Cadillac is a name that has always been associated with the finer things in life.


Somebody with “Cadillac tastes” was a person who liked upscale products, including their automotive choices.


This philosophy was particularly true in a bygone era when Caddies were bought by people who wanted to celebrate their success in life with one of Detroit’s most expensive rides.




Russell Wilton was always a big Caddy fan and is old enough to remember the large Cadillacs from the 60s, including the 1966 models. He started a serious search for one many years ago and eventually his 14 year hunt was successful. Russell was very specific when it came to his version of the big convertible: it had to be red with a white interior, top and top cover.  Those features lengthened the search because Russell also wanted his Caddy to be in excellent condition, a tall order for a car that will celebrate its 50th birthday next year.


Most of the 1966 Cadillac convertibles had served their purpose as a very cool form of transportation and gone to the big wrecking yard in the sky by the time Russell began his search. The new cyber-world of the ‘Net opened up the entire planet to Russell and he finally found his dream car via his computer. The car was stored in a Florida dealership’s garage for 21 years until the 2008 recession made the car expendable for its owner. He had to sell the car and Russell wanted to buy the car, so he seized the opportunity to buy the car.




It was a big surprise to Russell to finally find his dream car, but that is the strength of our new highly connected world for the car hobby.Russell’s car is fully loaded, with tilt, cruise, a/c and a solid 429 engine under its massive hood. Russell said his car is nearly 20 feet long he loves the big car feel on the road. His wife Holly said it “rides like a couch in their living room” on the highway and they like to hit the open road in their Caddy.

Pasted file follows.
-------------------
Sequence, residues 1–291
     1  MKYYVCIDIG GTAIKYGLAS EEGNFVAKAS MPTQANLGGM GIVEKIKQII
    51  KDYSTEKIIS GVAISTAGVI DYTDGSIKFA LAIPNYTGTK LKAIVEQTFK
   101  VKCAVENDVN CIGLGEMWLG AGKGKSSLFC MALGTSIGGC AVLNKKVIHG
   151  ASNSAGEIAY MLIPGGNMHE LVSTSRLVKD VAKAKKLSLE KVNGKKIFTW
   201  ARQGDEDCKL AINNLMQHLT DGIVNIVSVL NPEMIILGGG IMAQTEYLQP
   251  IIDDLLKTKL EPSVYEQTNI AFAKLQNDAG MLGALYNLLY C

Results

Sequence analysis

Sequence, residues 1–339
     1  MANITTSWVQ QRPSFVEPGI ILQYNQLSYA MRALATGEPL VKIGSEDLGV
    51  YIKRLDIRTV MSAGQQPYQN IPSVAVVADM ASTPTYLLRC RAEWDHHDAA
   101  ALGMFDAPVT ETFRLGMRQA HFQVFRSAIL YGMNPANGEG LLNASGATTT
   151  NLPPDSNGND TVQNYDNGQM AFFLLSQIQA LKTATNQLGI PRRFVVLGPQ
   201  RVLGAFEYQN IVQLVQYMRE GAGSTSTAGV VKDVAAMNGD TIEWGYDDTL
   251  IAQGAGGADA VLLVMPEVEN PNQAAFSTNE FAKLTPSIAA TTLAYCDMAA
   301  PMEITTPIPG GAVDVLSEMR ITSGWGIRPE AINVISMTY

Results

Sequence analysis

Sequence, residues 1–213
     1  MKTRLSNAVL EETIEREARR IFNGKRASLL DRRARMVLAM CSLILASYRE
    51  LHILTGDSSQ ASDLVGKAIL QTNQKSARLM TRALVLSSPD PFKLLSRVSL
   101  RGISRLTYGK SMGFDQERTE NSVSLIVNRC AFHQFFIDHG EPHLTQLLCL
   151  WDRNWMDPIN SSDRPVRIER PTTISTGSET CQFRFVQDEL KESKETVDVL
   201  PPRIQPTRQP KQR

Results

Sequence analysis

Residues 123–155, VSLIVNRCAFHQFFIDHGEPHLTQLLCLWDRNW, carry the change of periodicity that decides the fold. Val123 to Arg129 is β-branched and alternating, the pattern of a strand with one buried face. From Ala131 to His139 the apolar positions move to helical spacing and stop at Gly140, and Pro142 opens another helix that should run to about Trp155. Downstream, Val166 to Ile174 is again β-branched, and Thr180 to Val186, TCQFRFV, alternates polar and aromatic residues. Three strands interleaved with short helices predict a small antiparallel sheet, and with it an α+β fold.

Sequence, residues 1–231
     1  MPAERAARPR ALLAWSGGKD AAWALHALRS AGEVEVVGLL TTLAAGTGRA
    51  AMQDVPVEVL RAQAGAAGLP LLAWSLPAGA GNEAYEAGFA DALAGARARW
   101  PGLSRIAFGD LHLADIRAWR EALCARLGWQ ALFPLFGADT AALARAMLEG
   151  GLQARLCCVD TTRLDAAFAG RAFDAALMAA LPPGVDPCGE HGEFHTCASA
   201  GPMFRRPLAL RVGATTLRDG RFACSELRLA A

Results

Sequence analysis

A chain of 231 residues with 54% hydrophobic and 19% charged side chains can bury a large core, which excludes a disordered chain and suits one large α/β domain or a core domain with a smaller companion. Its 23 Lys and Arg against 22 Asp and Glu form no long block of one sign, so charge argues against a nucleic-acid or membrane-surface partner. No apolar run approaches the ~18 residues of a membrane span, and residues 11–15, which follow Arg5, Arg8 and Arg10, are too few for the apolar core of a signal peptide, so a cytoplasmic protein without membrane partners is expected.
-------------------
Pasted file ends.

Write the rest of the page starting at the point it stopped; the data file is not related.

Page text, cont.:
Most of the trips in the big ‘vert are to car shows because Russell really enjoys the atmosphere at the shows and attention his Caddy receives from a curious public. In Russell’s words, “they are made to drive” and he is more than happy to spend time behind the wheel of the big convertible.  Russell keeps a steady 60-65 mph (100-105 km/h) pace on the highway and the 49-year-old Caddy is very comfortable at those speeds. Russell and Holly like to travel in groups with other car show enthusiasts to events because the social aspect of the car hobby is important to them.




It turned out Russell was only the second owner of the Caddy and he already knows who will be the third owner of the big convertible: he willed it to his daughter.


Talk about a great heirloom.


Jim Sutherland

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